Francis S. Collins, MD, PhD
Director of the National Human Genome Research Institute, a division of the National Institutes of Health that is responsible for the Human Genome Project. His research laboratory was responsible for identifying the genes responsible for Cystic Fibrosis, Neurofibromatosis, and Huntington’s disease.
Antonei B. Csoka, PhD
Post-doctoral fellow whose work is devoted solely to research in HGPS in the laboratory of Dr. John Sedivy at Brown University in Providence, RI
Postdoctoral fellow in Dr. Collins’ lab, whose project will entail working with Hutchinson-Gilford Progeria Syndrome.
Edward Fisher, MD, PhD
Professor of Biochemistry, Molecular Biology, Pediatrics and Cell Biology/Anatomy at Mt. Sinai School of Medicine, Department of Pediatrics, whose clinical interest is lipid disorders in adults and children and whose specialty is Pediatric Cardiology.
Thomas W. Glover, PhD
Professor, Department of Pediatrics and Professor of Human Genetics, University of Michigan, Ann Arbor, MI whose research has included studies of chromosome instability and DNA repair, succeeding in identifying or cloning a number of human disease genes including that for Menkes syndrome, a common form of Ehlers-Danlos syndrome, and hereditary lymphedema.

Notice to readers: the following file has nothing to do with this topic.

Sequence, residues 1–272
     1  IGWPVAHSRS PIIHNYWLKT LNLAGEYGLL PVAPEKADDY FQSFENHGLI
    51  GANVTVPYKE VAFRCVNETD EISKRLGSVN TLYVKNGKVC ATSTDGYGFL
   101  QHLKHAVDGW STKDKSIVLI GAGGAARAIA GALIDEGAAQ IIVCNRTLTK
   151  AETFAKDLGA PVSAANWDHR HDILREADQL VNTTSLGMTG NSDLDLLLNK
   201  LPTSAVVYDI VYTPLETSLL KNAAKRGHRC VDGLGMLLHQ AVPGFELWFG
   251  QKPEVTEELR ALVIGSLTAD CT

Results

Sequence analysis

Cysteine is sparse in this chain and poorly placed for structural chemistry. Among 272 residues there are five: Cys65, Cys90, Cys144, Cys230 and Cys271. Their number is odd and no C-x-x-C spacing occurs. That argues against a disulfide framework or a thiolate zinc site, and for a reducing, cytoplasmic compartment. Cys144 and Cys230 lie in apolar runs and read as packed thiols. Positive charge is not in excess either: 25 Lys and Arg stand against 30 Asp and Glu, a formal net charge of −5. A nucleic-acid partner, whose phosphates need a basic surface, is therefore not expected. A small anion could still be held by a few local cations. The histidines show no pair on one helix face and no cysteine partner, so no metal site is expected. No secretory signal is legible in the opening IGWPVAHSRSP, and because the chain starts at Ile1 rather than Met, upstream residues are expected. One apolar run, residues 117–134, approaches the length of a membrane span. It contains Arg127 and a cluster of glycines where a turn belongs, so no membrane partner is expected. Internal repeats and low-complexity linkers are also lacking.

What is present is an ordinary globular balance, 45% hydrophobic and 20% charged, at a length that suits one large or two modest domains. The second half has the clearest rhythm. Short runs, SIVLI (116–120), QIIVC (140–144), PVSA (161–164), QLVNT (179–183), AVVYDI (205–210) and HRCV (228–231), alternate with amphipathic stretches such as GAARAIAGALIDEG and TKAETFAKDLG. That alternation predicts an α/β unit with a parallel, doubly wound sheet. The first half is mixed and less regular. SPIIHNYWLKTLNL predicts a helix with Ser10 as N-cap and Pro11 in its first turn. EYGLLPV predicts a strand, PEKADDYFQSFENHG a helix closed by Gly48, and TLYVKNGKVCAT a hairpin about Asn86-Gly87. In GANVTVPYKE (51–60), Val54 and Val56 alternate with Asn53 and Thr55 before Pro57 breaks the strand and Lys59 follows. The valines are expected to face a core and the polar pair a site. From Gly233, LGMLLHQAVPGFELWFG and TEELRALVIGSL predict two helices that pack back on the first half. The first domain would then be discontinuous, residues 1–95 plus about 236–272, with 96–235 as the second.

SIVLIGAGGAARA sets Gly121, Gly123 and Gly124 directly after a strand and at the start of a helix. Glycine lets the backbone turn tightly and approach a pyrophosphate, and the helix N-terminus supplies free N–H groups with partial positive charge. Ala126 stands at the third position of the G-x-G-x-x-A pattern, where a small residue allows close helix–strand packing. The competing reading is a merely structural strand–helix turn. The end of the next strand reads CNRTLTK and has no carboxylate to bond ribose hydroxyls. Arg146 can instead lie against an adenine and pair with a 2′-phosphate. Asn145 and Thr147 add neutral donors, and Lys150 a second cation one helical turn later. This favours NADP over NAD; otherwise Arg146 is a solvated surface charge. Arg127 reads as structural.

PhD candidate in Human Genetics at the University of Michigan
Stephen Goldman, PhD
Health Science Administrator at the National Institutes of Health – National Heart, Lung and Blood Institute, Division of Heart and Vascular Disease
President and Executive Director of The Progeria Research Foundation
Leslie Gordon, MD, PhD
Instructor in Pediatrics at Hasbro Children’s Hospital in Providence, Rhode Island and Research Associate at Tufts University School of Medicine in Boston, Massachusetts, where she conducts her research on HGPS
Christine Harling-Berg, PhD
Assistant Professor of Pediatrics and Assistant Professor of Immunology at Brown University School of Medicine in Providence, RI and Memorial Hospital in Pawtucket, RI
Ingrid Harten, MS
Research Assistant at Tufts University, Department of Anatomy and Cell Biology, whose work consists of conducting initial experiments in a series of studies designed to develop a treatment for the atherosclerosis associated with HGPS
Director, National Institute on Aging
Acting Director, National Institutes of Health-Office of Rare Diseases
Monica Kleinman, MD
Associate Professor, Specialist in Pediatric Critical Care and Neonatology, Associate Director of the Multi-Disciplinary Intensive Care Unit, Medical Director of the Transport Program, and Assistant in Anesthesia, all at Children’s Hospital in Boston, Massachusetts.